Vietnam has imposed anti-dumping tariffs on certain goods from China that were getting around tariffs levied by the United States in its trade dispute with Beijing.
The Southeast Asian country’s Ministry of Industry and Trade decided after a 5-month review to levy a temporary anti-dumping tax of 2.46% to 35.58% on several Chinese-origin aluminum products, effective June 5.
Vietnam had emerged as one of the top beneficiaries last year of the Sino-U.S. trade dispute because tariff-weary shippers based in China were tapping the country as an alternative, low-tariff place to manufacture exports headed to the United States.
But some manufacturers were just relabeling products made in China as “Made-in-Vietnam” for trans-shipment to the United States.
Vietnam’s anti-dumping tariffs are “an efficient response from the Vietnamese side with regards to the U.S. Department of Commerce’s anti-circumvention tariffs to be placed on aluminum extrusion exported from Vietnam,” Hanoi-based financial market analysis firm SSI Research said in a note Monday.
The note calls the tariffs “a very bold move for Vietnam to enact” as “a country that has emerged as the region’s largest beneficiary nation of the (Sino-U.S.) trade war.”
Avoiding tariffs in China
Chinese exports of semi-finished aluminum parts doubled in 2018, as the Sino-U.S. trade dispute broke out, to 62,000 tons, SSI Research found. Of that load, a “significant quantity is believed to be shipped from China to avoid anti-dumping and countervailing tariffs,” the note said.
“Some U.S. imports were detected supposedly coming from Vietnam, but were found to be actually Chinese products, which were thereby trying to avoid anti-dumping duties that were applied to Chinese products in the U.S.,” said Rajiv Biswas, Asia-Pacific chief economist at the market research firm IHS Markit.
Other Asian countries, Indonesia and Malaysia for example, have imposed their own tariffs on Chinese steel imports. Chinese exporters can sell for less than domestic peers in those markets – which are trying to develop their own steel or aluminum industries – because of a supply surplus and massive production scales.
Vietnam is absorbing an outsized share of the China spillover because of a shared land border and relatively low manufacturing costs, said Song Seng Wun, an economist in the private banking unit of CIMB in Singapore. Manufacturing drives the Vietnamese economy, helping it grow at 6%-7% a year.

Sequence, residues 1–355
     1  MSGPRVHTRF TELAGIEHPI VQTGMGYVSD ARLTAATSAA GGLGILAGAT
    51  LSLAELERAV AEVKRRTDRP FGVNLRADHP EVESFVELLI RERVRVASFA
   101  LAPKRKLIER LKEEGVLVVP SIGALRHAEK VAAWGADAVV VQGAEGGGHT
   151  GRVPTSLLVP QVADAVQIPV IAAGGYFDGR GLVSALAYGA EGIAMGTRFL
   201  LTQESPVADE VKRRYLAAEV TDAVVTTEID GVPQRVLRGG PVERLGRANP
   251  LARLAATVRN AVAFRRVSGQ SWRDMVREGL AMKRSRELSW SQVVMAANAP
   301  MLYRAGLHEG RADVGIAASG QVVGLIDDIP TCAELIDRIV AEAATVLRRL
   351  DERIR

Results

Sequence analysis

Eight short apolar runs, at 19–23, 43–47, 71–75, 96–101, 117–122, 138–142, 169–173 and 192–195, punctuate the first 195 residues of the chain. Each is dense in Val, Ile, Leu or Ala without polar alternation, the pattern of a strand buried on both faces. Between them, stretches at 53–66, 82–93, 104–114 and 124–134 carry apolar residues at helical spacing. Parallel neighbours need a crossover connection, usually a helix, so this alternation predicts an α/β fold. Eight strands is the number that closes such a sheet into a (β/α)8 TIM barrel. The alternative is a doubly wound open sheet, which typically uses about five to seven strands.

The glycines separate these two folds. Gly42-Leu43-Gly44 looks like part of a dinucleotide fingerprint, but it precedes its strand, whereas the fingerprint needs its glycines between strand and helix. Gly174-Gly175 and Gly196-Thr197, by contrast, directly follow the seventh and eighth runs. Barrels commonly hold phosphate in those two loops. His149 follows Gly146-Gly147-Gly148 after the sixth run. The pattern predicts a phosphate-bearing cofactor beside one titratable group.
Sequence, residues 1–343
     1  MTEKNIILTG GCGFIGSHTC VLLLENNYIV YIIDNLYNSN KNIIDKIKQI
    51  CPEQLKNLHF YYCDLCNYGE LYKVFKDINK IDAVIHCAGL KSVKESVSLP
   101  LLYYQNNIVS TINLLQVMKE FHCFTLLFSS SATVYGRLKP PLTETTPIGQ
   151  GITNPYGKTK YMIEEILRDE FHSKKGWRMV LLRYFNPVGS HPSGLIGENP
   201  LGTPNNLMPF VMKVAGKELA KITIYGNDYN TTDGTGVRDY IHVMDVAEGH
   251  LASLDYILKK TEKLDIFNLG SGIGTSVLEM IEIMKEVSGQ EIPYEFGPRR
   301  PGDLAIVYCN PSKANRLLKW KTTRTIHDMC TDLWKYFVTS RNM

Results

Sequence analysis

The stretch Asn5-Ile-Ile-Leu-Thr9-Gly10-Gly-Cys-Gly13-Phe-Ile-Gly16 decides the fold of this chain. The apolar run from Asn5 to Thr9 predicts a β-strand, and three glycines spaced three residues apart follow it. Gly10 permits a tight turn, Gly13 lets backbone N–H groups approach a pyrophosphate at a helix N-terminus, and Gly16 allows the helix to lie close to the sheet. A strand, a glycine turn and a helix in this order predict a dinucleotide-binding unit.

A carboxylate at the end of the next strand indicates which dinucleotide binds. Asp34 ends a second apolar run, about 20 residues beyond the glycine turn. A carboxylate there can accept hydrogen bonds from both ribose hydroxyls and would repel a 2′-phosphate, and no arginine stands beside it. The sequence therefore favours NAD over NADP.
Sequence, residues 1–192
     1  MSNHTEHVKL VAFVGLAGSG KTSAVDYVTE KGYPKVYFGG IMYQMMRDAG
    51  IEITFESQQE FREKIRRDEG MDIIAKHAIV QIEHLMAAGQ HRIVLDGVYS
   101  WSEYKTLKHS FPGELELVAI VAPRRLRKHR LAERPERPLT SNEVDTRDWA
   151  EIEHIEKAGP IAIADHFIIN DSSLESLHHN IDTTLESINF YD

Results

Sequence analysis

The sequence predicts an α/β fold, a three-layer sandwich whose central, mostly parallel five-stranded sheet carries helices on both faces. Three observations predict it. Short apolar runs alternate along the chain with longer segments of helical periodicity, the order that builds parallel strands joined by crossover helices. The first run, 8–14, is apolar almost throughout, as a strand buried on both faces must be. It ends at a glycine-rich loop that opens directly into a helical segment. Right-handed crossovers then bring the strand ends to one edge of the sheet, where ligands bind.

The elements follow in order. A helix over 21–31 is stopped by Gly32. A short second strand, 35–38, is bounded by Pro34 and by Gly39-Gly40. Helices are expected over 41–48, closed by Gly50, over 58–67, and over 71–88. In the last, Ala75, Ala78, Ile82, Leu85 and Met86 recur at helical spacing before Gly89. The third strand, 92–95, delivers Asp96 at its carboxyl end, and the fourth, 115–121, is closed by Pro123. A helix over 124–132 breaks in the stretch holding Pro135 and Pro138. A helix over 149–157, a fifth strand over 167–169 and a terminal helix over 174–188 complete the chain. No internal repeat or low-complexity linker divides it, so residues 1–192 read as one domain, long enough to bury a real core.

Favor with Washington
The spike in imports from China had hurt Vietnam’s own aluminum industry and put it at risk of more scrutiny by the government of U.S. President Donald Trump, economists believe. The Vietnamese anti-dumping tariffs in place for 120 days will help protect Vietnam’s so far stable relations with the Trump Administration as they help stop U.S.-bound trans-shipments from China without paying tariffs.
“I do see the Vietnamese trying to be tough on trans-shipments,” said Frederick Burke, partner with the international law firm Baker McKenzie in Ho Chi Minh City.
“As far as the Vietnamese are concerned, it’s just criminal, just taking advantage of their position, smuggling in and smuggling out,” he said. “It’s ruining their reputation and they get no benefit out of it.”
Chinese aluminum extrusions, a term for semi-finished parts, are subject to anti-dumping duties on top of the 10% tariff that the United States levies on countries worldwide. Manufacturers in Vietnam buy extrusions from China to make doors, walls and other parts of structures.
Although Trump’s government has largely targeted China over trade, the U.S. Treasury labeled Vietnam a possible currency “manipulator” last month. Vietnam, like China, also runs a trade surplus with the United States, the same condition that sparked the Sino-U.S. spat that’s now in its second year with the prospect of escalation later this month.
“We certainly can see that the sweeping power of President Trump can (be) fairly extensive, so I think at this point there’s less inclination by the Vietnamese to upset the Americans than the Chinese,” Song said.
After a series of public “consultations,” the Ministry of Industry and Trade will decide before year’s end whether to extend the tariffs, SSI Research says.
If Vietnam did not impose its own tariffs, Washington would most likely investigate specific companies suspected of exporting Chinese aluminum from Vietnam and “order customs officers to pay closer attention to goods with certificates of origin from Vietnam,” said Maxfield Brown, senior associate with the business consultancy Dezan Shira & Associates in Ho Chi Minh City.